How to use CSR buzz words in the right context
Every industry and sector has terminology that only the true insiders know about. I remember when I started my first nonprofit job after business school, I was so confused by the lexicon of the nonprofit sector including terms like “theory of change” and “capacity building” that the puzzled look on my face quickly gave off the impression of my naiveté . Just as some nonprofit folks don’t commonly use business buzz words (my fave from b-school: “deliverables” and “synergies”).
But once I learned the language of non-profit, I had more credibility when communicating and could better identify those with limited understanding of nonprofit.
Don’t use general words for specifics:
It’s helpful to remember that terms like ‘corporate social responsibility’ and ‘social impact’ are words that represent a wide variety of topics and means something different depending on the scenario. They are helpful “umbrella” terms but this is where context is key.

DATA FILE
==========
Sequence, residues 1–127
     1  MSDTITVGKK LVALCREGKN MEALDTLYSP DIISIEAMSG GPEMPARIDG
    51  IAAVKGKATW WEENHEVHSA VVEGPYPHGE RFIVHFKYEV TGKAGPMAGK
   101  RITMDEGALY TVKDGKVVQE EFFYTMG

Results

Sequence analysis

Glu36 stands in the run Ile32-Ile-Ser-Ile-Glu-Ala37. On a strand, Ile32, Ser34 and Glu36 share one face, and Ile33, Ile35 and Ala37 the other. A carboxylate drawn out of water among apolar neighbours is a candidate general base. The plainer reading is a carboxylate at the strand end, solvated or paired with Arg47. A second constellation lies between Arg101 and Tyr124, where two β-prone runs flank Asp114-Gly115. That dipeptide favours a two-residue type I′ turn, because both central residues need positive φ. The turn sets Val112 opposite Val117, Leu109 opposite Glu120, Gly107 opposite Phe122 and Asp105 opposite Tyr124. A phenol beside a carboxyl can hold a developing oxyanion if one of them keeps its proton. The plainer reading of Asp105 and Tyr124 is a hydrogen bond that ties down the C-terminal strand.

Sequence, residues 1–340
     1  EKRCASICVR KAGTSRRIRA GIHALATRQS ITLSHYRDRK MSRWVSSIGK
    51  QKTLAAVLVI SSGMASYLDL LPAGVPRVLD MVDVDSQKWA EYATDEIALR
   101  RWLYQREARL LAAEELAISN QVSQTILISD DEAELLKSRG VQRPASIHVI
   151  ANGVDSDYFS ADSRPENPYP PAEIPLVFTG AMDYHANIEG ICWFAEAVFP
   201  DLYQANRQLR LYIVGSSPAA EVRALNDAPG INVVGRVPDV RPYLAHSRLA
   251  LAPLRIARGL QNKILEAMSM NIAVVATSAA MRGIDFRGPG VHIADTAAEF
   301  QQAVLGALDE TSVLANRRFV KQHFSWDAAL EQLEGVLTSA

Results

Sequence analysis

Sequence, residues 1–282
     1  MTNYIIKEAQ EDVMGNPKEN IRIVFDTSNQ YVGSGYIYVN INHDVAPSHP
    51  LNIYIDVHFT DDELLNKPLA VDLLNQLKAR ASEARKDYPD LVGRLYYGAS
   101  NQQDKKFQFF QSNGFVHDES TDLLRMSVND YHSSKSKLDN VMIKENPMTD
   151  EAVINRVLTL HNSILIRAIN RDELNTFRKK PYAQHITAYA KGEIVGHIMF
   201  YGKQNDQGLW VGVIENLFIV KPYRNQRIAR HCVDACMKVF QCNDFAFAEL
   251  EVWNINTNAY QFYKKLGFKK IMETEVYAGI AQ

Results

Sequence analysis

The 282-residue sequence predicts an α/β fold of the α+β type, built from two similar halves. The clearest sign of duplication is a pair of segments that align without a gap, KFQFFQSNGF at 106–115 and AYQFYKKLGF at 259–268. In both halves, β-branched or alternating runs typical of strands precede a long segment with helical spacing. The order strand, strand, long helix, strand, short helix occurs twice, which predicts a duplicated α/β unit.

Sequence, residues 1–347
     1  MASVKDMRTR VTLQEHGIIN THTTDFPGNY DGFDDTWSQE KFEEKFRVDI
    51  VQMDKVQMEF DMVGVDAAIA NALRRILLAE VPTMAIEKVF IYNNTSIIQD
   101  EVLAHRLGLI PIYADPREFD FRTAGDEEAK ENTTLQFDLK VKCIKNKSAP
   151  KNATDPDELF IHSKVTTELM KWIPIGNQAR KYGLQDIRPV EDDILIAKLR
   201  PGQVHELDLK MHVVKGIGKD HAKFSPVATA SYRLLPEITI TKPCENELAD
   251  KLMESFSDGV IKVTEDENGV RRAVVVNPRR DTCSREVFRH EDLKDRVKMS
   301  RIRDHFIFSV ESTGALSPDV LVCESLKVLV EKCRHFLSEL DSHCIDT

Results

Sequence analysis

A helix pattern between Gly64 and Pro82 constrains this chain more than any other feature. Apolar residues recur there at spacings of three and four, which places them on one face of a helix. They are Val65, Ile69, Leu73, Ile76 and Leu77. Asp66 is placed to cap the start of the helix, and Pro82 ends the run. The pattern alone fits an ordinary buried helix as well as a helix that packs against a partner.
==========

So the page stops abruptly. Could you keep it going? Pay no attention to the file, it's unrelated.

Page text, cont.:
Do: Like most things in communication you need to know your audience. Let’s say you’re having an informational interview with someone about a career in impact investing. Using sector wide terms like “social impact” or “CSR” isn’t appropriate rather you would want to show your knowledge and interest with words within that sector. For example – get familiar with specific impact investing approaches like “gender lens investing” or impact measurement approaches.
Don’t: If you don’t know the meaning, don’t use the word
It’s important to not just talk the language of the sector you want to be in but also understand the meaning. Sector specific terms are often used as a litmus test for those in the know. While these buzz words can make you sound like a true veteran, they also come with a drawback. If used in the wrong context it can make you look unprepared and even worse- unknowledgeable. Don’t try to use a buzz word just because you may think it will help you look smarter.
Do: Rather, do your homework on the topic of your choice and come prepared- whether it to an informational interview or a networking event. Remember, it’s ok not to know all the terms- especially if you’re just beginning. It’s more important that your communication reflects the effort you made to become knowledgeable.
Don’t do all the talking.
Do: listen and
Do you have a story about a time you used a word in the wrong context? Tell us about it in the comments below.